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  • Evolution

    Evolution

    • This piglix contains articles or sub-piglix about Evolution

    • Biological evolution

    • This piglix contains articles or sub-piglix about Biological evolution


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    • Evolutionary computation

    • This piglix contains articles or sub-piglix about Evolutionary computation


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    • Emergence

    • This piglix contains articles or sub-piglix about Emergence


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    • Evolution of language

    • This piglix contains articles or sub-piglix about Evolution of language


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    • Memetics

    • This piglix contains articles or sub-piglix about Memetics


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    • Speculative evolution

    • This piglix contains articles or sub-piglix about Speculative evolution


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    • Stellar evolution

    • This piglix contains articles or sub-piglix about Stellar evolution


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    • Outline of evolution

    • The following outline is provided as an overview of and topical guide to evolution: Evolution – change in heritable traits of biological organisms over generations due to natural selection, mutation, gene flow, and genetic drift. Also known as descent with modification. Over time these evolutionary processes lead ... Read »


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    • Evolution (term)

    • The English noun evolution (pronounced i/ˌɛvəlˈuʃən/; from Latin ēvolÅ«tiō "unfolding, unrolling") refers to any kind of accumulation of change, or gradual directional change. It is the 3,117th most commonly used word in English. While the term primarily refers to biological evolution, there ... Read »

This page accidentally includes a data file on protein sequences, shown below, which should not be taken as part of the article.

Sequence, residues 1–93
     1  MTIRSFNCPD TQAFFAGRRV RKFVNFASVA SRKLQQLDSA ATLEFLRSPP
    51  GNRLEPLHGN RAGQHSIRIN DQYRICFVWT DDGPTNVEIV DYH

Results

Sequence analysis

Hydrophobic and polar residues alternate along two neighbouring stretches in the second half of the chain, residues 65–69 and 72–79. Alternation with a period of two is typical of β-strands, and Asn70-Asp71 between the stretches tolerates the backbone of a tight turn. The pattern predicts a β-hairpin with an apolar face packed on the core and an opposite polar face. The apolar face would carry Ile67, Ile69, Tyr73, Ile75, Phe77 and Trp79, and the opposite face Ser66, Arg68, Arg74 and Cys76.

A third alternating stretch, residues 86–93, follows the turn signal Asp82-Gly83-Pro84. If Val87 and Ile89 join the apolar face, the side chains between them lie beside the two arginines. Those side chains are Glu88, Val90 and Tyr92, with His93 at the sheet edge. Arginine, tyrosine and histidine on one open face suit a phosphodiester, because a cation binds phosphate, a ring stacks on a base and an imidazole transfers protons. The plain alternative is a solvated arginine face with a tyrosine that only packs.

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    • Accelerating change

    • In futures studies and the history of technology, accelerating change is a perceived increase in the rate of technological change throughout history, which may suggest faster and more profound change in the future and may or may not be accompanied by equally profound social and cultural change. In 1938, Buckminste ... Read »


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    • Anti-predator adaptation

    • Anti-predator adaptations are mechanisms developed through evolution that assist prey organisms in their constant struggle against predators. Throughout the animal kingdom, adaptations have evolved for every stage of this struggle. The first line of defence consists in avoiding detection, through mechanisms such as ca ... Read »


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    • Applications of evolution

    • Evolutionary biology, in particular the understanding of how organisms evolve through natural selection, is an area of science with many practical applications. The evolutionary approach is key to much current research in biology that does not set out to study evolution per se, especially in organismal biology and ... Read »


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    • Avalon explosion

    • The Avalon explosion (named from the Precambrian fauna of the Avalon Peninsula) is a proposed evolutionary event in the history of the Metazoa. It is the equivalent of the Cambrian explosion for the current phyla. The Avalon explosion happened about 33 million years earlier than the Cambrian explosion (about 575 millio ... Read »


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    • Big History

    • Big History is an emerging academic discipline which examines history from the Big Bang to the present. It examines long time frames using a multidisciplinary approach based on combining numerous disciplines from science and the humanities, and explores human existence in the context of this bigger picture. It integrat ... Read »


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    • Catalytic triad

    • A catalytic triad refers to the three amino acid residues that function together at the centre of the active site of some hydrolase and transferase enzymes (e.g. proteases, amidases, esterases, acylases, lipases and β-lactamases). An Acid-Base-Nucleophile triad is a common motif for generating a nucleophilic residue ... Read »


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    • Character evolution

    • Character evolution is the process by which a character or trait (a certain body part or property of an organism) evolves along the branches of an evolutionary tree. Character evolution usually refers to single changes within a lineage that make this lineage unique from others. These changes are called character state ... Read »